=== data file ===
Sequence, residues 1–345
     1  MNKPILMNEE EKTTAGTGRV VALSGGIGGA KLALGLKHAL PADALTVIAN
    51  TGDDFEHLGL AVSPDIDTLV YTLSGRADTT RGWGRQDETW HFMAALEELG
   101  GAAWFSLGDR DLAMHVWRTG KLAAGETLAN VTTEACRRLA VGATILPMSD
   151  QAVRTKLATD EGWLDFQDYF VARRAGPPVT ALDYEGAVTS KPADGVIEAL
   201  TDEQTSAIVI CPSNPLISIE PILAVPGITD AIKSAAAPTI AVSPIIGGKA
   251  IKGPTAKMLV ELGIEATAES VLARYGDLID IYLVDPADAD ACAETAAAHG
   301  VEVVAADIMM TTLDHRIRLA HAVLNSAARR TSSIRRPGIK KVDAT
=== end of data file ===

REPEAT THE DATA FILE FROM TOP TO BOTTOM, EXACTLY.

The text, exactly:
Sequence, residues 1–345
     1  MNKPILMNEE EKTTAGTGRV VALSGGIGGA KLALGLKHAL PADALTVIAN
    51  TGDDFEHLGL AVSPDIDTLV YTLSGRADTT RGWGRQDETW HFMAALEELG
   101  GAAWFSLGDR DLAMHVWRTG KLAAGETLAN VTTEACRRLA VGATILPMSD
   151  QAVRTKLATD EGWLDFQDYF VARRAGPPVT ALDYEGAVTS KPADGVIEAL
   201  TDEQTSAIVI CPSNPLISIE PILAVPGITD AIKSAAAPTI AVSPIIGGKA
   251  IKGPTAKMLV ELGIEATAES VLARYGDLID IYLVDPADAD ACAETAAAHG
   301  VEVVAADIMM TTLDHRIRLA HAVLNSAARR TSSIRRPGIK KVDAT